Departing for Guatemala is always the same, everyone is anxious to arrive in the village and get their hands dirty bending rebar, mixing concrete, and digging trenches. You can feel the anticipation as everyone enthusiastically chatters. What's all the excitement about? Each March, a group of volunteers with Wisconsin Water for the World travel to Guatemala to help design and install a water system. Wisconsin Water for the World is a committee within the Wisconsin Section of the American Water Works Association (WIAWWA) whose mission is to improve the quality of life for communities in the rural mountains of Guatemala by providing safe water and healthy sanitation. It's also a way for us to contribute to goal 6 of the United Nation's 17 Sustainable Development Goals to be achieved by 2030. Goal 6 is to "ensure access to water and sanitation for all."
How do we select a project?
Every year we work in partnership with a local Non-Governmental Organization (NGO) called Agua Para La Salud, which translates to "Water for Health." Villages that are interested in a water system contact the NGO. Once selected, the community teams up with Wisconsin Water for the World. Both groups take on different responsibilities for a common goal of ensuring the project is organized, sustainable and successful.
The project begins
It's day one at the project site, and we are ready to get started. We've come prepared wearing work clothes, gloves and boots. Our tape measures, rebar tie wire tools, and sharpies are close-by. We begin working alongside the people from the community that will be receiving the water system. Some of us speak some Spanish, but no one knows the native language. There's some fumbling through conversations as we rely on translators to work out technical conversations. Mostly we communicate with hand signals, drawing pictures, a few words that we have picked up along the way, and a lot of smiles. At lunchtime, we gather to share a meal together that has been prepared by the women in the community. Afterward, we work until we realize that school has ended. Curious children join in to watch us work and often pull us away from our tasks so that we can play soccer, fly kites, build paper airplanes, or draw pictures. At the end of the day, we return to our rooms dirty, exhausted, and feeling alive. Early the next morning we're ready to work again. Familiar faces welcome us back to the job site and we begin where we left off the day before.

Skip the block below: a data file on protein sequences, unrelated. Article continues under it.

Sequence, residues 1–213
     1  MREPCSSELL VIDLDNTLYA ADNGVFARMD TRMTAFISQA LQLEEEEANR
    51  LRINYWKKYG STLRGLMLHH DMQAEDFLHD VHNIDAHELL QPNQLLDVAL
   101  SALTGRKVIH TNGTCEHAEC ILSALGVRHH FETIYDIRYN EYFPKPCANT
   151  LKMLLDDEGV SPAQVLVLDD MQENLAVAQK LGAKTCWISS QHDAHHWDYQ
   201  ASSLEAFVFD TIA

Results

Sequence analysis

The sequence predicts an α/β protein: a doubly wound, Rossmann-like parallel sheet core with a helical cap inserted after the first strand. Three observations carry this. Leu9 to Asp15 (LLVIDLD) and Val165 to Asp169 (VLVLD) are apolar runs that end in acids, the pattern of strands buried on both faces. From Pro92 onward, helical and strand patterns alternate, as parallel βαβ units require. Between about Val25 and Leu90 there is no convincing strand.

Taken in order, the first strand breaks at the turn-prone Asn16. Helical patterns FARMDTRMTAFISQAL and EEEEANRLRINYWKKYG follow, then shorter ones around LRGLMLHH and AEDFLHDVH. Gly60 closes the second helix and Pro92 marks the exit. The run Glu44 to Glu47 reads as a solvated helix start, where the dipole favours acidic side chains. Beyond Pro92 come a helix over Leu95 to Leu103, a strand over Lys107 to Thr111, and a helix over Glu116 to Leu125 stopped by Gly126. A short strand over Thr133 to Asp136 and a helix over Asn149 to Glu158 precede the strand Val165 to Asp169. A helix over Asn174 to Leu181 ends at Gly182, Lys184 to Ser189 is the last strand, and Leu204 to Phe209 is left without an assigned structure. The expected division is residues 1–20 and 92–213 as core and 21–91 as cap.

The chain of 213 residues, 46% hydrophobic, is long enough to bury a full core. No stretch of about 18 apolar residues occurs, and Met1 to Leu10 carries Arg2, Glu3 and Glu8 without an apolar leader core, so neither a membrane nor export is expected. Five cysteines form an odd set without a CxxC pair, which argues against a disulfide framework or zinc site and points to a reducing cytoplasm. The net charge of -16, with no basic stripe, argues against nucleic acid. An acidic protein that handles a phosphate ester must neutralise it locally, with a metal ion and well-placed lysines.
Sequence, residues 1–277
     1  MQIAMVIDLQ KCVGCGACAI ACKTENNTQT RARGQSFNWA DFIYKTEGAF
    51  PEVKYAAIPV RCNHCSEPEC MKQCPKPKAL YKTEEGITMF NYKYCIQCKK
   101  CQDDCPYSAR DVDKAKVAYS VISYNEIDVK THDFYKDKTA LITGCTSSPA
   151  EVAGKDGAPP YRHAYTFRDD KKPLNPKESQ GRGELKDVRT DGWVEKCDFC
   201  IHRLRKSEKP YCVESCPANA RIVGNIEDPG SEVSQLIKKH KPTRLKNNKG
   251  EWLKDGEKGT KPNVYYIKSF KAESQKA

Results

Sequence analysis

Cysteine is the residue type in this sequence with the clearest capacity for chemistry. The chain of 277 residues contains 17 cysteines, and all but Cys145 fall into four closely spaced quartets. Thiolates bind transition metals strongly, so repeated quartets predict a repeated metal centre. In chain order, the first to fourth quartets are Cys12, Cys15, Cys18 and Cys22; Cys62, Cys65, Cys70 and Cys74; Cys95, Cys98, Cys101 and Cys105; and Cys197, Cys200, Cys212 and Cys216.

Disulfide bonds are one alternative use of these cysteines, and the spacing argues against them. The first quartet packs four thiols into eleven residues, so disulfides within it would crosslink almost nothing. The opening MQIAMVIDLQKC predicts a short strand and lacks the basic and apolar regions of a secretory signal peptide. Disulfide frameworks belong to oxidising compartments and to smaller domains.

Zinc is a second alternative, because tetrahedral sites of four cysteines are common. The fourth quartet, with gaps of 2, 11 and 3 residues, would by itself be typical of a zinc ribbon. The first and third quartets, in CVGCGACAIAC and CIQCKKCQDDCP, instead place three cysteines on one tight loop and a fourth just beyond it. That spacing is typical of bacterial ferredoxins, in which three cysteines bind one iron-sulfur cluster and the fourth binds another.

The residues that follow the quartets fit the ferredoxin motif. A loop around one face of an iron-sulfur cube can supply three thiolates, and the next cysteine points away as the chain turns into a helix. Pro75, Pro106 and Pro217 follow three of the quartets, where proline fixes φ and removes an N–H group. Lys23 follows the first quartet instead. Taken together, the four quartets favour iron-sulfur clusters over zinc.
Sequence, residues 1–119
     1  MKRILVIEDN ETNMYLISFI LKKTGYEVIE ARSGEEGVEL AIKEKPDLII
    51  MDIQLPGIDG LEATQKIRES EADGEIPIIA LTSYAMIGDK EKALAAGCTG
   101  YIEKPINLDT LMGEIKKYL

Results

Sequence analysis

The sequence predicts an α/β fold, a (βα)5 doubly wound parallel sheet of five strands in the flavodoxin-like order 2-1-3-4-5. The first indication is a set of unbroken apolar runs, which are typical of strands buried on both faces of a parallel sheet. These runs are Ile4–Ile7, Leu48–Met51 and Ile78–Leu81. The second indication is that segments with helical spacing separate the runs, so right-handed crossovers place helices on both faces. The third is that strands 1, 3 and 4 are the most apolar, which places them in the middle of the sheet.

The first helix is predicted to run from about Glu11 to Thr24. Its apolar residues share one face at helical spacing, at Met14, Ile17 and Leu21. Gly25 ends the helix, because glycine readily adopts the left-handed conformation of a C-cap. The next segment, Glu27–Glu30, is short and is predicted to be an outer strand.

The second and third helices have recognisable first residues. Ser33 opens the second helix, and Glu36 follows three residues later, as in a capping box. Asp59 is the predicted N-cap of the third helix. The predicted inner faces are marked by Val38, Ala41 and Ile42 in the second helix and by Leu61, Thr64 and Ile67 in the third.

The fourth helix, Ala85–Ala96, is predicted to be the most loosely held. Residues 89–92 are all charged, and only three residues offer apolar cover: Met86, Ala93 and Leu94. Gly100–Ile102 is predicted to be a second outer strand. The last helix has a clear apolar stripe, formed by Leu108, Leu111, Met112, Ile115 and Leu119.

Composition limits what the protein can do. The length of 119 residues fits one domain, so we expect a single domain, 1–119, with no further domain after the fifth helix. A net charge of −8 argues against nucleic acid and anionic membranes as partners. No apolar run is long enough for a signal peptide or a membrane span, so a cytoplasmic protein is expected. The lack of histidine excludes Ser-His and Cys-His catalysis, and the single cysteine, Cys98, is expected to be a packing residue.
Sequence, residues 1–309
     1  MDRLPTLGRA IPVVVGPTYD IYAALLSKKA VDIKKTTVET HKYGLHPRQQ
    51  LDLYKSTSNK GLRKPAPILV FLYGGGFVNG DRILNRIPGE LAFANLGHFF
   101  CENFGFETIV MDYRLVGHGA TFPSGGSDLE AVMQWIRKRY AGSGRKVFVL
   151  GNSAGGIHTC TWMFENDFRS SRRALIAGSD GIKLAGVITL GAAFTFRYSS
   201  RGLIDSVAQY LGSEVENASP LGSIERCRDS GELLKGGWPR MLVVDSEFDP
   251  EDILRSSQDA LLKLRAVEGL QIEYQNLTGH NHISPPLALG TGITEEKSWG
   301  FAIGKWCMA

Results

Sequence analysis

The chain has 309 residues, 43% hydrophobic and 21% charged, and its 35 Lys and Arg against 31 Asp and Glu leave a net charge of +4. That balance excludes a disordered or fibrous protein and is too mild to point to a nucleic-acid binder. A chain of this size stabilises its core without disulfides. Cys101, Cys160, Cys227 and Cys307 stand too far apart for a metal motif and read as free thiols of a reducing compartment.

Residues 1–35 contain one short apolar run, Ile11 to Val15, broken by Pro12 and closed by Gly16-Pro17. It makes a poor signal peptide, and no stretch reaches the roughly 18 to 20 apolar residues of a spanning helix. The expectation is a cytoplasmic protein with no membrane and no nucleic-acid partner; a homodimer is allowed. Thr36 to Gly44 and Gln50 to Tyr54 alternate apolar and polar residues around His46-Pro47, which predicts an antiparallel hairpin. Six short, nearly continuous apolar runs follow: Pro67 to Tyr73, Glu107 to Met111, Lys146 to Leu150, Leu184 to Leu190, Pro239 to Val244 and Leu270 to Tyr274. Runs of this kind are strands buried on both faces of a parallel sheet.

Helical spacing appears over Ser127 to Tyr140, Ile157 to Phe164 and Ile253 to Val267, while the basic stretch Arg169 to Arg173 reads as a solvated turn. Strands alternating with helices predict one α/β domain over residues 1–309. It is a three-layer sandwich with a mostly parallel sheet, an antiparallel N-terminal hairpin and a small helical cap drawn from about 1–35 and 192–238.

As the week unfolds, a shift occurs. Our dedication to manual labor evolves into an appreciation for the connections that grow within the community. We're forming friendships with our colleagues that run deeper than what we've developed at home. It's becoming clear that this isn't just about installing water services. When invited into the homes of the people in the community, we learn about their lives and share what's important to us. Spending time in the local school lets us connect even further. With the school supplies we've collected for the trip, we teach about the importance of hand washing. In affluent countries, we take this habit for granted while 1,000 children die each day because of diarrheal diseases due to a lack of access to safe water and healthy sanitation. (Source: un.org)
Shifting from a task mindset to a human connection
It's important to educate future generations on healthy hygiene practices while also establishing an understanding that they can be anything. As a woman in the water and wastewater industries, this holds a particular weight for me. Young girls from the village would take an interest in watching me work. They likely do not see women perform construction work or participate in a role that is traditionally a male one. When they see me acting in this non-conforming way, what's possible becomes real for them. I'm grateful for the privilege to show them that they have a place in engineering a better world.
As the project completes, a longing begins
Construction continues, but it becomes secondary. The project is now more than water tanks and pipe in the ground. Real connections have been made between people from different cultures, sharing a universal human desire to take care of our families by providing safe water and sanitation. Each of us leaves a piece of ourselves behind in Guatemala and has changed in some way. Back at home, we are humbled and grateful for our seemingly limitless supply of drinking water in our homes. A longing to return to Guatemala for another project begins. Holding onto what we've experienced in our hearts, the feeling invigorates and prepares us for the next trip. It can't come soon enough.
About the Author
Devin Booth is an Engineering and GIS Technician with eight years of experience in municipal water and sewer systems. What she loves the most about her job is supporting local municipal clients to improve their water and sewer systems. As an active committee member with Wisconsin Water for the World, she has a passion for contributing her knowledge to help people in developing communities ensure their access to water and sanitation.